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Bombay <graphic>(9051 bytes) Bombay, the capital of the western Indian state of Maharashtra and the largest metropolis in India, has developed into an industrial complex second only to Calcutta. Of all the Indian metropolises, it is the most cosmopolitan and has the greatest concentration of skyscrapers. Greater Bombay, comprising the island of Bombay (formerly Bombay City), Trombay, and part of Salsette, has a population of 9,909,547 (1991); the Bombay metropolitan area, including its suburbs, has a population of 12,571,720 (1991). The city has been designated the Gateway of India because it is India's major port of Western contact. The port is built around a harbor and handles the country's largest tonnage of foreign trade.

<<-- Pictograph 1 Mumbai Skyline

Greater Bombay is separated from the Indian mainland by the waters of Bassein Creek. The Arabian Sea lies to the west and south. The rock formations exposed in and around Bombay are of volcanic origin and are referred to as Deccan Trap. Alluvium cover is found in the lowlands.

Contemporary City Greater Bombay, of which the southernmost part is the island of Bombay, was formed into a metropolitan municipal organization in 1957. About two-thirds of the population is concentrated on Bombay Island, which has an area of 67 sq km (26 sq mi). Bombay has one of the highest population densities in the world, in some areas reaching 580 persons per sq km (1,500 per sq mi). The city attracts a large number of migrants, particularly from the states of Maharashtra, Gujarat, and Madhya Pradesh. The principal languages spoken are Marathi, Gujarati, and Hindi. Of all India's large cities, Bombay offers the greatest religious diversity. More than half its population is Hindu; the rest is divided among PARSIS, Christians, Jains, Muslims, and others.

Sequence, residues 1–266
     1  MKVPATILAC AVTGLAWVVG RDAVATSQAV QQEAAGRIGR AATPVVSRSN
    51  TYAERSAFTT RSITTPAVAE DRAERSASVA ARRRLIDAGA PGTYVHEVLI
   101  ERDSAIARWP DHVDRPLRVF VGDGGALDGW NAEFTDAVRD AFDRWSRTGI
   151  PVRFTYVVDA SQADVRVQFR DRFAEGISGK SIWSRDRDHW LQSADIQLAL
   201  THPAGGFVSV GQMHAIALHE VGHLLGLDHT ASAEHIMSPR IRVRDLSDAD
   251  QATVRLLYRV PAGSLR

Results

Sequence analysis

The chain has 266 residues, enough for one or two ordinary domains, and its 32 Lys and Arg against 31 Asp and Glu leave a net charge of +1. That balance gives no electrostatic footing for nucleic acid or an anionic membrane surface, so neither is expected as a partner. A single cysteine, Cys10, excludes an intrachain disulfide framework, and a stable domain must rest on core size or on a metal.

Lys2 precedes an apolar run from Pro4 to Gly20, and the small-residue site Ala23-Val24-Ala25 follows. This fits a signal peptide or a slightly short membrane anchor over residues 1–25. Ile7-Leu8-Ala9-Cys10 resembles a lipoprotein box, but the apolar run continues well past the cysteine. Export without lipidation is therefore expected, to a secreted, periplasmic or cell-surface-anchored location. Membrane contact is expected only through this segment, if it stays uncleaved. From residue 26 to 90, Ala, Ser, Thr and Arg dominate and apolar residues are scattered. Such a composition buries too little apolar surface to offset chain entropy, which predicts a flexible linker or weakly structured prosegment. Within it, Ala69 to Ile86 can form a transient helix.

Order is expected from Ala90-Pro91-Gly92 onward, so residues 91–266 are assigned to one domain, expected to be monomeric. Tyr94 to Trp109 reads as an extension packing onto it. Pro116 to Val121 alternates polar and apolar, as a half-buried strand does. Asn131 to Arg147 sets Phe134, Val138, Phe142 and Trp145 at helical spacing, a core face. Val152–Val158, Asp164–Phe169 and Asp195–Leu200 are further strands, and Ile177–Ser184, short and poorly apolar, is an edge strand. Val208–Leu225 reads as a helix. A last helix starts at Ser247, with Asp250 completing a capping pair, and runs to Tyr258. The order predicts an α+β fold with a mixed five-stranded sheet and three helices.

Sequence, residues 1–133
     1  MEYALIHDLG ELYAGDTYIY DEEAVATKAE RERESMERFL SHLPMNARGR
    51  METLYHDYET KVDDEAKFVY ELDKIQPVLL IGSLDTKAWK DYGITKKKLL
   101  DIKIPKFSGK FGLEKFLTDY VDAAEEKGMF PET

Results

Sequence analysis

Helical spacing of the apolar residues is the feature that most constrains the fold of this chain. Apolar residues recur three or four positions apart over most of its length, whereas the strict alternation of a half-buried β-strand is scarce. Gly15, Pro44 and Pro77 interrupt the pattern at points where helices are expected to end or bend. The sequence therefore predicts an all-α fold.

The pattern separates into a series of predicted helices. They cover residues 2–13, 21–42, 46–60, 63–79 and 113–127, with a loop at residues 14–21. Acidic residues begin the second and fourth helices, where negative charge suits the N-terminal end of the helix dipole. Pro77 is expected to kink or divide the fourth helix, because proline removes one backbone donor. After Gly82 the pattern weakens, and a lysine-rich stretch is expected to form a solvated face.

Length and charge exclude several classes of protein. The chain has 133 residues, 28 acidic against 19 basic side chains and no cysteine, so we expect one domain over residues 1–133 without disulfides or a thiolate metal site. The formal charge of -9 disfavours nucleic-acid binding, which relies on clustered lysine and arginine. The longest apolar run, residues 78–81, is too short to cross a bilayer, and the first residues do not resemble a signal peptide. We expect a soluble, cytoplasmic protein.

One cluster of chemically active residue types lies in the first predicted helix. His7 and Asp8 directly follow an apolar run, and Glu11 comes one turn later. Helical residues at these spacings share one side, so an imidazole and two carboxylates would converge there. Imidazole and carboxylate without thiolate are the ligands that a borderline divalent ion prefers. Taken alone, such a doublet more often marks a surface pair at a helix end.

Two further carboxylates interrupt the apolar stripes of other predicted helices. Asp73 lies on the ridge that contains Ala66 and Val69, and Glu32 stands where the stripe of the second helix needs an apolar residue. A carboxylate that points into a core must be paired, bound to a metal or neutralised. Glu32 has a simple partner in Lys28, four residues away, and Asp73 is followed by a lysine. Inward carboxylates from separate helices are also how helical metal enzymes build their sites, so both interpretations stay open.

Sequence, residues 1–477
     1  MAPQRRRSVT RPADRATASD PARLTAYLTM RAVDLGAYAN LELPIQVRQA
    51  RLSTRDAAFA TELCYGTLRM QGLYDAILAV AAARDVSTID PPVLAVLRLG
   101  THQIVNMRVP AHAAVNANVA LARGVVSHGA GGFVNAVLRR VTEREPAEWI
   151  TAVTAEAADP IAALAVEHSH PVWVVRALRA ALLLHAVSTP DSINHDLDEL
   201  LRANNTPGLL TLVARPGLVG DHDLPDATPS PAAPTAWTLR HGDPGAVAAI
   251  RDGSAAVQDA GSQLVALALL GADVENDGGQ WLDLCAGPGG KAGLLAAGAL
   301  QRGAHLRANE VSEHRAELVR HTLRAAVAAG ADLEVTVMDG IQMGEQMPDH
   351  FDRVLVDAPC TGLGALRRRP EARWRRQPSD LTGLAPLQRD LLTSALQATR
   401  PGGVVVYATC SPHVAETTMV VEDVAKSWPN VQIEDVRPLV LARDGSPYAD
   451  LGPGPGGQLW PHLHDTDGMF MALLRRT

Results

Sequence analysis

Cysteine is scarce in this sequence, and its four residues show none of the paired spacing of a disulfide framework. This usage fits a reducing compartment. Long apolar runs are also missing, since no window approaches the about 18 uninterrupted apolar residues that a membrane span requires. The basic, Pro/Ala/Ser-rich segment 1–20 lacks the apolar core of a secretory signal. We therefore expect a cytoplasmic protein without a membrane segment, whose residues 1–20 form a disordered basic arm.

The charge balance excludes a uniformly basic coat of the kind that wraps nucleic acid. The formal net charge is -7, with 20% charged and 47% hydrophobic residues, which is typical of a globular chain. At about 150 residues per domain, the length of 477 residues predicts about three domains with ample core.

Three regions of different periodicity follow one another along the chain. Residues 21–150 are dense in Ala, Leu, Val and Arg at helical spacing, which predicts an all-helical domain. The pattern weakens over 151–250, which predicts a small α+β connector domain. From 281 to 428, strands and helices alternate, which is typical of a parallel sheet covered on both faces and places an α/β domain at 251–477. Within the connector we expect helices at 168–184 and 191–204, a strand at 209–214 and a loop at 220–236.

The surrounding Black Cotton Soils, India's greatest cotton-growing area, has made Bombay one of the largest cotton textile centers in the country, and the cotton textiles industry employs almost one-half of Bombay's factory workers. The rest are primarily employed in the production of silk, artificial fibers, chemicals, and glassware and in the dyeing, bleaching, and printing industries. The city is the home of one of the most successful business families of India, the Tatas. The University of Bombay, founded in 1857, the Atomic Research Institute, and the Haffkine Institute, a major center of research in medicine and allied sciences, are some of Bombay's seats of higher education.

History     Occupied since prehistoric times, the area of Greater Bombay was ruled by the kingdom of Aparanta (north Konkan) in the 2nd century and subsequently passed under the control of successive Indian dynasties. It formed part of the kingdom of Gujarat from 1348 to 1534, when the area was ceded to the Portuguese. In 1664 the British were granted control of the island of Bombay, and three years later they established a fort and a township there. Bombay became the headquarters of the East India Company in India from 1672 to 1858. In the 19th century, the seven islands of Girgaum (where the fort is located), Oldman's Island, Colaba, Mazagaon, Parel, Mahim, and Worli were joined and the alluvial lowlands drained, resulting in a single island. Landmarks of Western influence of the Victorian era include the Gateway of India, the Victoria Terminus, the Taj Mahal Hotel, the Rajabai Clock Tower, and the High Court.

Ashok K. Dutt

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